Antigua is the worst place to visit for cruise passengers. My experiences are too many to list here but I will attempt a few:
    Taxis and buses are a rip-off. They quote one price and change in the middle of the tour. They will get abusive and try to initmidate tourists to pay higher than quoted prices.
    Worst customer service in the world. When you visit shops and stalls, the vendors and store workers behave as if you are an interruption. We went into shops along the port and nobody offer to assist us to make purchase. When the bus drive stopped at stalls along the road the vendors just continue eating and talking among themselves instead of greet shoppers.
    The island boast 365 beaches. The beach areas are dirty and the citizens are always harassing tourists for money and pushing marijuana for sale.
    The first thing that greet us tourists when we disembark at the port are children and adults in rags begging for money. Not to mention the piles of garbage and old motor vehicles that greet you when the ship sail into the harbour.
    The attractions need to be maintained. They are run-down and dirty and they do not worth the fees charge for entry. The Nelson’s Dockyard is a total disappointment and the government should be ashamed of what they allow the place to become – a total wrech.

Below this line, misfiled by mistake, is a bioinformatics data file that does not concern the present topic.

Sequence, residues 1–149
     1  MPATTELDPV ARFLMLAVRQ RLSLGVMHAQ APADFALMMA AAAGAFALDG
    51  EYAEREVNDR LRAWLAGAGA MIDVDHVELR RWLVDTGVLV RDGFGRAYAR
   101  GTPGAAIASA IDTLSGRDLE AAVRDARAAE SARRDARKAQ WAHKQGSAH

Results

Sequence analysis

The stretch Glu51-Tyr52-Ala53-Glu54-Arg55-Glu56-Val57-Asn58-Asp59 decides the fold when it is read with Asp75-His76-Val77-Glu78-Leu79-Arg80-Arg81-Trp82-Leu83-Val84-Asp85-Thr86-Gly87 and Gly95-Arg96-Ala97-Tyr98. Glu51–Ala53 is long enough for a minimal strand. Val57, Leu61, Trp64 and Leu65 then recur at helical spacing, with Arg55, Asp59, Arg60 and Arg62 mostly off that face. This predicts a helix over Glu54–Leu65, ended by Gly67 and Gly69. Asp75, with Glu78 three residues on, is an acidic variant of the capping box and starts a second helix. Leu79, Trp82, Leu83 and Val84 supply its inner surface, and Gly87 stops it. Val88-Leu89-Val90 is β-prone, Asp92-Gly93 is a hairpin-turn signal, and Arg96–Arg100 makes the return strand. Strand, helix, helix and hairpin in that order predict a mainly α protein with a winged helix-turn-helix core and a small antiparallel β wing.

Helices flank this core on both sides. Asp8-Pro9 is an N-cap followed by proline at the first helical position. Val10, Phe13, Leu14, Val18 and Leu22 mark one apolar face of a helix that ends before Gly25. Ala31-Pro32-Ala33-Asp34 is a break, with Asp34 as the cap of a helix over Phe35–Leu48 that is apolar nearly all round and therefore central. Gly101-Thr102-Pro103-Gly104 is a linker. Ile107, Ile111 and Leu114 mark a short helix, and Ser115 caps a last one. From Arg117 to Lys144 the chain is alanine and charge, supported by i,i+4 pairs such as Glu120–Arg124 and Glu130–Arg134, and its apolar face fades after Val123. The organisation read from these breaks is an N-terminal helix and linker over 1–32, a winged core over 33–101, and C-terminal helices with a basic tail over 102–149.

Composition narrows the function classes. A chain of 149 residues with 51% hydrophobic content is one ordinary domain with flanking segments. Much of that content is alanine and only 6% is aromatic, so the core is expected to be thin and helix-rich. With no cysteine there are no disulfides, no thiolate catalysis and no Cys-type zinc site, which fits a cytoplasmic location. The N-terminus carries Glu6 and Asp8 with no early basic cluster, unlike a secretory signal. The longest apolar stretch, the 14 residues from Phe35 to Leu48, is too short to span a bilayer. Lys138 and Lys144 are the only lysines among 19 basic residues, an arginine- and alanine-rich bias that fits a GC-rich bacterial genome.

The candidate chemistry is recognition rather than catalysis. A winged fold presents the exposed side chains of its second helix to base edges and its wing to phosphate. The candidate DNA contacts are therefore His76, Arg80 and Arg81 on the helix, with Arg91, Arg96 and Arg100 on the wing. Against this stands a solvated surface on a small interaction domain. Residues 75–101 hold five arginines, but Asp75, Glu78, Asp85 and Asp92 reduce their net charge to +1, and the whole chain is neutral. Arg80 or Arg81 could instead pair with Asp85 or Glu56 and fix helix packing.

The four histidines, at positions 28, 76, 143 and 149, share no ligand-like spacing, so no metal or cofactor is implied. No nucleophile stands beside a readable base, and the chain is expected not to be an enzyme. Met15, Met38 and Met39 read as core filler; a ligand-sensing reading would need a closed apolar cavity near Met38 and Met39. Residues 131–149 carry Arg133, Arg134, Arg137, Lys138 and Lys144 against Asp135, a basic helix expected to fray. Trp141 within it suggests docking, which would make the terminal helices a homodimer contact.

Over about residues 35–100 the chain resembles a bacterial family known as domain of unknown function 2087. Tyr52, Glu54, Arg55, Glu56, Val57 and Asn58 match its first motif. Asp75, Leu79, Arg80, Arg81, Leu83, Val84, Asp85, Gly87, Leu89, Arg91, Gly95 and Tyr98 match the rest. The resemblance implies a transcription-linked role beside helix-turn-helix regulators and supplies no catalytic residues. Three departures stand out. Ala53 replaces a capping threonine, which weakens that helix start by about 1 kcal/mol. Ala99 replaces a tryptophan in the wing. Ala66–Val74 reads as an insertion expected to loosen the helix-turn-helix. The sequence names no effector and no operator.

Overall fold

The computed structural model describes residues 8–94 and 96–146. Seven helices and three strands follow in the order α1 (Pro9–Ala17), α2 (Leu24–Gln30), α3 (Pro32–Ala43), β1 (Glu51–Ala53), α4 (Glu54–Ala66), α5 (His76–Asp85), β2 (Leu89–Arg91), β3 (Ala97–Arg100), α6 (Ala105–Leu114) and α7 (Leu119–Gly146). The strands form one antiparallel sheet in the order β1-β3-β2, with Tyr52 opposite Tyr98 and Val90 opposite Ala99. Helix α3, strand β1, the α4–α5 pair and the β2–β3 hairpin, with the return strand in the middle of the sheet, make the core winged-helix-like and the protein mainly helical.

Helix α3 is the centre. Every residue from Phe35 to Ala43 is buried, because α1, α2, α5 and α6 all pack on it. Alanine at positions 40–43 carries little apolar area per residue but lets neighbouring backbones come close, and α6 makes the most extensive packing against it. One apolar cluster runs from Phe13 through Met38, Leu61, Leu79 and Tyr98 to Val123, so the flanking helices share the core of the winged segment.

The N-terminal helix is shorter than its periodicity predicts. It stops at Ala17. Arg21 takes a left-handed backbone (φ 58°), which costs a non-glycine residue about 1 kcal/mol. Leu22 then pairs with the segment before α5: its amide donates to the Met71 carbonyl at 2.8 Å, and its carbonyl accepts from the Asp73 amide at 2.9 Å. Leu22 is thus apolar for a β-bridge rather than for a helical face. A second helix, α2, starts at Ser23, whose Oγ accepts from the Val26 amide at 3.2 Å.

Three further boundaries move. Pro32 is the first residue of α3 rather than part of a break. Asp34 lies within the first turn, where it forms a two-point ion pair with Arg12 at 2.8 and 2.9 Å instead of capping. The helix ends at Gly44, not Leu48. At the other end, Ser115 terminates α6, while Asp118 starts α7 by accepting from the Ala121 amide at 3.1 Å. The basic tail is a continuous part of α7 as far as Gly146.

• The issue raised by the story is not the wealth or poverty of Antigua but the character of the store owner and the cruise passengers. Were these arrogant U.S. passengers who didn’t supervise their child, or an over-zealous shop owner and local police who made the situation worse, or a combination of the two? I don’t know. I was not there. So far the passenger’s version has not been told.

  • My country is a tourism destination which at times, I think goes too far out of its way to treat tourist like royality and sometimes you get the feeling that they believe they can flout laws and disrespect citizens. But I have also met some ‘good’ tourist.